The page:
Wednesday, October 16, 2013

Search within text files by CLI

Open terminal in the target folder and run this command:

 grep -r <word> *

replacing <word>  with the needed expression.

Change the color font of Xfce desktop



Open home as root and ctrl-h to see hidden files.

Open .gtkrc.2.0 and add this:

style "xfdesktop-icon-view" {
XfdesktopIconView::label-alpha = 0

#Text colors you can delete if you want to use gtk theme colors
fg[NORMAL] = "#ffffff"
fg[SELECTED] = "#ffffff"
fg[ACTIVE] = "#0000ff"

}
widget_class "*XfdesktopIconView*" style "xfdesktop-icon-view"




-------------
 (via)

I have changed the original lines that made selected font green so that it will stay white.

Delete these lines to get back to the default theme-based colors.

Friday, October 11, 2013

Dual monitors shortkey settings

~via~

With LXRandr, one can save  a certain display configuration. Then, in order to find that, you need to know what has changed in the home folder:

find ~/ -mmin -5 -type f
 
You can change 5 to a smaller number if you wish.
In this way, after saving configuration in LXRandr and running this command, the last change recorded is in ~/.config/autostart/lxrandr-autostart.desktop. That's it.
To open that:

gedit ~/.config/autostart/lxrandr-autostart.desktop
 
It contains something like:

[Desktop Entry]
Type=Application
Name=LXRandR autostart
Comment=Start xrandr with settings done in LXRandR
Exec=xrandr --output LVDS --mode 1680x1050 --rate 60.1 --output VGA-0 --off
OnlyShowIn=LXDE 
 
What you need is (- with variable resolution - that is depending on my specific displays):
 
xrandr --output LVDS --mode 1680x1050 --rate 60.1 --output VGA-0 --off 

that is for the external monitor off, internal on.

To have the external on and the internal off:

xrandr --output LVDS --off --output VGA-0 --mode 1360x768 --rate 60.0 

To have extended monitor:

xrandr --output VGA-0 --auto --left-of LVDS 
 
Double desktop for a specific resolution for each display:

xrandr --output LVDS --mode 1680x1050 --rate 60.1 --output VGA-0 --mode 1360x768 --rate 60.0
 
To have the same display resolution on both:

xrandr --output LVDS --mode 1360x768 --rate 60.1 --output VGA-0 --mode 1360x768 --rate 60.0
 
or:
 
xrandr --output LVDS --mode 1680x1050 --rate 60.1 --output VGA-0 --mode 1680x1050 --rate 60.0
 
or lower:
 
xrandr --output LVDS --mode 1280x720 --rate 60.1 --output VGA-0 --mode mode 1280x720 --rate 60.0 


And for each you need to assign a key (that is done differently depending on the desktop environment).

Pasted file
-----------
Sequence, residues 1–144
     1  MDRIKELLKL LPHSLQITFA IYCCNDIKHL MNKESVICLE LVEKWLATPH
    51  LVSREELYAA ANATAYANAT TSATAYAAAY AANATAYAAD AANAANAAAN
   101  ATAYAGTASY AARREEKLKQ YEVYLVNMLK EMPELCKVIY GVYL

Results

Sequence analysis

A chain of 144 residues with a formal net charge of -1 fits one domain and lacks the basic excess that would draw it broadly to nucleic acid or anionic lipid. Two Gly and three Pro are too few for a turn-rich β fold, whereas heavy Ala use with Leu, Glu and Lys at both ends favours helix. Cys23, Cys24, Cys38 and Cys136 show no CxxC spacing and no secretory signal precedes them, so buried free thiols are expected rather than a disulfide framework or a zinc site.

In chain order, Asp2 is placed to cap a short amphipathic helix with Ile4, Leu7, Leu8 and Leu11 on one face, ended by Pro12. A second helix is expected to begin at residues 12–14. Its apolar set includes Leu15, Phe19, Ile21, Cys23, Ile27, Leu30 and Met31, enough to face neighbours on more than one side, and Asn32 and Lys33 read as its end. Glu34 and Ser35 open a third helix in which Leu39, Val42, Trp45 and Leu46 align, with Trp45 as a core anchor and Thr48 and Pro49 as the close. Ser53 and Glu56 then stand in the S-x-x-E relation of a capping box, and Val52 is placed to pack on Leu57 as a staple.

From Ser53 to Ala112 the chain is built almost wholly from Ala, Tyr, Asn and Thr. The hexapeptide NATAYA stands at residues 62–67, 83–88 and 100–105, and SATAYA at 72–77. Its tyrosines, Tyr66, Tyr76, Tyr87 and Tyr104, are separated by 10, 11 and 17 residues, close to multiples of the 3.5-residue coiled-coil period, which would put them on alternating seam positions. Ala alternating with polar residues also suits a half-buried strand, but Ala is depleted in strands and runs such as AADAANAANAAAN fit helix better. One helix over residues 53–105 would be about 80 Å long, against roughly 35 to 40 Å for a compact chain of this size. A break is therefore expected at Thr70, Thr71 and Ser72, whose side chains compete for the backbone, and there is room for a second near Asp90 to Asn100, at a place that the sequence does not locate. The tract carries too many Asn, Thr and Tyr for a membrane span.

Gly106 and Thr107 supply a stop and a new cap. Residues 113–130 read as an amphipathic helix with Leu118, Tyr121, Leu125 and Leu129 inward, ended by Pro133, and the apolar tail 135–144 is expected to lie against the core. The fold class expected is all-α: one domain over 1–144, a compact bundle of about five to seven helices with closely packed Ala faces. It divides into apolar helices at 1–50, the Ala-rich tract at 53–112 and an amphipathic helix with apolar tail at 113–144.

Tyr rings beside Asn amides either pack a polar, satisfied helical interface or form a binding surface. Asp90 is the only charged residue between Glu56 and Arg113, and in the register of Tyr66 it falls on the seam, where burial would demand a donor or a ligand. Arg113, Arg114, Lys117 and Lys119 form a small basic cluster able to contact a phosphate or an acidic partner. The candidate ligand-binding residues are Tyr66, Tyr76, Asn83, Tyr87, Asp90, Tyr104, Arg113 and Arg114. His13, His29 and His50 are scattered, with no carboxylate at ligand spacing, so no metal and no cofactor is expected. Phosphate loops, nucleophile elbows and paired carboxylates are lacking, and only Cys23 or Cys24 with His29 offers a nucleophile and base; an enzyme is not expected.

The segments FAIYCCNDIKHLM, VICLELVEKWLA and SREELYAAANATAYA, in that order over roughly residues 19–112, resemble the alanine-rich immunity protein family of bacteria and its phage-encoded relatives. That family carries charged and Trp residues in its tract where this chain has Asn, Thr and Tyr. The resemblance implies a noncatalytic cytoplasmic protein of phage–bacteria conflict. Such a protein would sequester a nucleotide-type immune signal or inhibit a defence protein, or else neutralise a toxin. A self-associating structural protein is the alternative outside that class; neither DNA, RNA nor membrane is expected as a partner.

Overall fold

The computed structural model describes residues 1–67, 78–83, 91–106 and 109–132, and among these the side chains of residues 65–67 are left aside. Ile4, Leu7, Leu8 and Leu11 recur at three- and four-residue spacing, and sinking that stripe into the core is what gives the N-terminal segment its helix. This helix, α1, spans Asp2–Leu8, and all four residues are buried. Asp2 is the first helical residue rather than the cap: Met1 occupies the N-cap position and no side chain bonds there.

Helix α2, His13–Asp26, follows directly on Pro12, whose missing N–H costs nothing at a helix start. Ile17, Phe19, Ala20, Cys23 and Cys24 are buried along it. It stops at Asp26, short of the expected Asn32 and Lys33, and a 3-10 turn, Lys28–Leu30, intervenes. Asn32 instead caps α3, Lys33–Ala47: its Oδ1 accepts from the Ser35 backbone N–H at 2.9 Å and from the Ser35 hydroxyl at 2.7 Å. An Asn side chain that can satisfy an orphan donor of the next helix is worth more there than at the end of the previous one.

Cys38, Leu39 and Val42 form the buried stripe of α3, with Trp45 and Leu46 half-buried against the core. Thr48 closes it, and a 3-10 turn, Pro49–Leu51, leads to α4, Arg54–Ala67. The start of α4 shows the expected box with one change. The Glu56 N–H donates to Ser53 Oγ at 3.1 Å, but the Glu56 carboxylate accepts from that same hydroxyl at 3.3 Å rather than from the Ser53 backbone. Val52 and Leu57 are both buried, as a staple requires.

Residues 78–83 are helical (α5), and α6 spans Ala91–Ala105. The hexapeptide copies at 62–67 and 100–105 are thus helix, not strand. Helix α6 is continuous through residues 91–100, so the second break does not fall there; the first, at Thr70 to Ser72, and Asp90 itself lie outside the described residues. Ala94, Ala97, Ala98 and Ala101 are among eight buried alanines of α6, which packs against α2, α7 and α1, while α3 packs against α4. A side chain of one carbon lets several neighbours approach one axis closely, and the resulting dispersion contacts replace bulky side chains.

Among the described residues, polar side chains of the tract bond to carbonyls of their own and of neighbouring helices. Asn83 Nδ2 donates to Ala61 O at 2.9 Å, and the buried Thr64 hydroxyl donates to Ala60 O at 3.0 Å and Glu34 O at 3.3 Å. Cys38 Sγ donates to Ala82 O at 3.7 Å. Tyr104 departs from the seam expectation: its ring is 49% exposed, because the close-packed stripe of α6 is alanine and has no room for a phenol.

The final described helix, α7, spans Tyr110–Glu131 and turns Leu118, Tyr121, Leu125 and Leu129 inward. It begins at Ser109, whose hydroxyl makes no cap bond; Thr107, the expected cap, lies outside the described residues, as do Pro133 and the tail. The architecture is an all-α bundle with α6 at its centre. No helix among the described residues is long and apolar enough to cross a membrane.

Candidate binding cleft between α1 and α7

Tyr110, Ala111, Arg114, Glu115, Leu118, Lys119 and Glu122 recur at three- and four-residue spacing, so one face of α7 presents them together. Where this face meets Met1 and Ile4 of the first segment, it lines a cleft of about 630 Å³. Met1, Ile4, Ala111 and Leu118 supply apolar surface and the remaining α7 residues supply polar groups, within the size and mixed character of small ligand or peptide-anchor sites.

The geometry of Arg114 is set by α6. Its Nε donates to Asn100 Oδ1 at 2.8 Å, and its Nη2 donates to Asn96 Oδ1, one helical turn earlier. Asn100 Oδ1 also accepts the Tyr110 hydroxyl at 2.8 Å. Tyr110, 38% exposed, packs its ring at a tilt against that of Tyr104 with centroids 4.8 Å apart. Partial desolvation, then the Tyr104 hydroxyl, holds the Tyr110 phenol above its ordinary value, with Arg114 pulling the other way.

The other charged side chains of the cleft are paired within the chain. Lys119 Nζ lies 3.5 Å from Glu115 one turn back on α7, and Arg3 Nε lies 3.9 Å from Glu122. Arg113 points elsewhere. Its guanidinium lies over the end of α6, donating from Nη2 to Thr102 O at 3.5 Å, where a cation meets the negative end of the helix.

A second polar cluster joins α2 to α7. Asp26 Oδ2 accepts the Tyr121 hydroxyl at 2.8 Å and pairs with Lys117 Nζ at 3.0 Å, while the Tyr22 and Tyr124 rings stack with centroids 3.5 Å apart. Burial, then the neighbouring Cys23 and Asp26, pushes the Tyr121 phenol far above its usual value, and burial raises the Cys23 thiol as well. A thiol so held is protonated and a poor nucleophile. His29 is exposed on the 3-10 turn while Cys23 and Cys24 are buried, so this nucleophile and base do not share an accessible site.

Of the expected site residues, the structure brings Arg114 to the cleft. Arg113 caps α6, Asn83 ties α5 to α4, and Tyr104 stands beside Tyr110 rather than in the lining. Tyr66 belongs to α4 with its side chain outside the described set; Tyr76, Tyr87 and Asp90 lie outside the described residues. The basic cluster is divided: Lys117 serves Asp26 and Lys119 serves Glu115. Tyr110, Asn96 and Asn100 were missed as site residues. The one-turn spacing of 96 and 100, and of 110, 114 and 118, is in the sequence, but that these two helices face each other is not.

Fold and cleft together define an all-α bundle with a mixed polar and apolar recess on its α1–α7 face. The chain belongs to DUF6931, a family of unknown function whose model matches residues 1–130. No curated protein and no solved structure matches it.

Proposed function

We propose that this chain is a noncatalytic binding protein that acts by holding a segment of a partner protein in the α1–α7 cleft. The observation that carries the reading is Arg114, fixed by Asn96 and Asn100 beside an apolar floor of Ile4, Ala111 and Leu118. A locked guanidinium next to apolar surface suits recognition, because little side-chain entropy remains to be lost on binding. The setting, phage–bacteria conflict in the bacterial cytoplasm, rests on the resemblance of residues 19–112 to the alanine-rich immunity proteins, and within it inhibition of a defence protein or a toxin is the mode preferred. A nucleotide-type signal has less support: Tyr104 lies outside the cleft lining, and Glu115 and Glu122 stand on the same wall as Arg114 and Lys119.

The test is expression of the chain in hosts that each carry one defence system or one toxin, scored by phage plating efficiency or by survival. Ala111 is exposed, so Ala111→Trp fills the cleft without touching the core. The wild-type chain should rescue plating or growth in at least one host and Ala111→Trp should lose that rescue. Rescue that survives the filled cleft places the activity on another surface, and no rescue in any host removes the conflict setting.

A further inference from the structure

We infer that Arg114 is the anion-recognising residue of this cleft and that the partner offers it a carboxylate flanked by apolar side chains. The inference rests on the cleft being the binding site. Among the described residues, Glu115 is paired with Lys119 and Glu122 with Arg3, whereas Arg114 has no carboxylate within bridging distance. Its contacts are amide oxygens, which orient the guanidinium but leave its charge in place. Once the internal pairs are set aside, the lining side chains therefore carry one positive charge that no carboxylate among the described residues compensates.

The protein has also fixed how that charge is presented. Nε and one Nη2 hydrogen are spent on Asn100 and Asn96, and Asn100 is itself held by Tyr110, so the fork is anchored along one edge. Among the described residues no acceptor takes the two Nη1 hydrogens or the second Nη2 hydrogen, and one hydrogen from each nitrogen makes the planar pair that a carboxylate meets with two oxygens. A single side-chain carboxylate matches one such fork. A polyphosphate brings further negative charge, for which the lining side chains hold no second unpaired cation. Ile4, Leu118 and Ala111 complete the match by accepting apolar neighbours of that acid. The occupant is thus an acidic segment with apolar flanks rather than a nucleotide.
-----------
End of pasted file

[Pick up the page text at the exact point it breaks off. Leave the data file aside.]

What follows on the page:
Saturday, October 5, 2013

Use Nautilus actions to extract audio from video and more

Better than trying to add context menu commands to the minimalist Pantheon-Files of Elementary OS or to use other media applications to extract sound from video, I guess the most simple is just to install Nautilus (it is not at all problematic in eOS, contrary to Thunar, which comes with the whole Xfce environment).

 sudo apt-get install nautilus
also

 sudo apt-get install parallel


Then install Nautilus-Actions Configuration Tool and open it..

I will provide an example for extracting audio (aac in m4a container) from flv and mp4 video files.

Define a new action, give it a name, maybe an icon too. Check - 'Display action in selection context menu'.

 Use Context label: Extract as m4a






Under the command tab, add the command (the one that I use in Thunar - see the links in the question):

Path:
gnome-terminal
Parameeters:
 -e "parallel avconv -i '{}' -map 0:1 -c:a copy '{}.m4a' ::: %F"



Under Execution tab there are options to select depending on what you wan to see during and after the action (open terminal, report).

Under Basenames tab, enter the filters for the type of files in the context menu of which you want to see the command - in this case: *.flv and *.mp4.




There are other options, but these look sufficient for the purpose of my question.



Similar actions can be added to extract sound from other types of video and, of course for other very different purposes.

NOTE:
In fact the use of parallel is not necessary to select multiple files and process them:

avconv -i '{}' -map 0:1 -c:a copy '{}.m4a


will have the same result

Parallel has the theoretical advantage of processing one-by-one the selected file or to set the number of parallel processes.